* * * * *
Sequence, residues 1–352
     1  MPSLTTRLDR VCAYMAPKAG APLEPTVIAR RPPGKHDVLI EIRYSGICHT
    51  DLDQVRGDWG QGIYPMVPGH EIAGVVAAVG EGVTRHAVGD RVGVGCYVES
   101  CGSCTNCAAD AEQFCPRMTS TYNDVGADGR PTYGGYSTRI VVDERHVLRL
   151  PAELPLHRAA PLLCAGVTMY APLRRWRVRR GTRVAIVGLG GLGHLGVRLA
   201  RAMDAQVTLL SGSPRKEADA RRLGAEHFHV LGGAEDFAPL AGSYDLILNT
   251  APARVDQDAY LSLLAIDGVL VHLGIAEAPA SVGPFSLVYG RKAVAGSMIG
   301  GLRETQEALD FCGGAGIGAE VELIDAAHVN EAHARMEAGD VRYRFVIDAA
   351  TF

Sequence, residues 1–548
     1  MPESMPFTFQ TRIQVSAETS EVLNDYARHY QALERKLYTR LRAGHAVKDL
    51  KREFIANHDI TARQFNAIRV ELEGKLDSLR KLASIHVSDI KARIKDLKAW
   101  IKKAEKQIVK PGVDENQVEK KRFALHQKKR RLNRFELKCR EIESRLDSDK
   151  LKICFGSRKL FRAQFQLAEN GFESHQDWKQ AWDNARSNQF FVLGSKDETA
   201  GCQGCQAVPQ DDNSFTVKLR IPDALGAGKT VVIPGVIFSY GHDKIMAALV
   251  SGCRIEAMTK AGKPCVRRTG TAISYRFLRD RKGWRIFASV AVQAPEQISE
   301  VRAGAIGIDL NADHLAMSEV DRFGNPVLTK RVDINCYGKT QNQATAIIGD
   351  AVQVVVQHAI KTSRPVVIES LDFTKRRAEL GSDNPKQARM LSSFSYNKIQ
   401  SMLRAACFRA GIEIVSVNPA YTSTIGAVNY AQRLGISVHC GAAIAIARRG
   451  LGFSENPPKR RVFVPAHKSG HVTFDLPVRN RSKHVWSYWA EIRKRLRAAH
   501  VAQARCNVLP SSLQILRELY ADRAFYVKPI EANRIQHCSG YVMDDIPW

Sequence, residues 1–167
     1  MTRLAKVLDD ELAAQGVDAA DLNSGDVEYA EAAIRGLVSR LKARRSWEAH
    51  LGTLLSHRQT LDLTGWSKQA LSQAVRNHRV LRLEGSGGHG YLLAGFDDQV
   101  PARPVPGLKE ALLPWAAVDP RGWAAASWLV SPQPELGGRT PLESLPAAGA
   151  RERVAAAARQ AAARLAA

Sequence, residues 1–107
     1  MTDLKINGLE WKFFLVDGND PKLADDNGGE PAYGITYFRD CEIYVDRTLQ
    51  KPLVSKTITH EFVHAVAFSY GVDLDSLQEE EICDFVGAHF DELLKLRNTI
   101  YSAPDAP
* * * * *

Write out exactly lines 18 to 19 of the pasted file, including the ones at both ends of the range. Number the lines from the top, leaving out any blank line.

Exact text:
   351  AVQVVVQHAI KTSRPVVIES LDFTKRRAEL GSDNPKQARM LSSFSYNKIQ
   401  SMLRAACFRA GIEIVSVNPA YTSTIGAVNY AQRLGISVHC GAAIAIARRG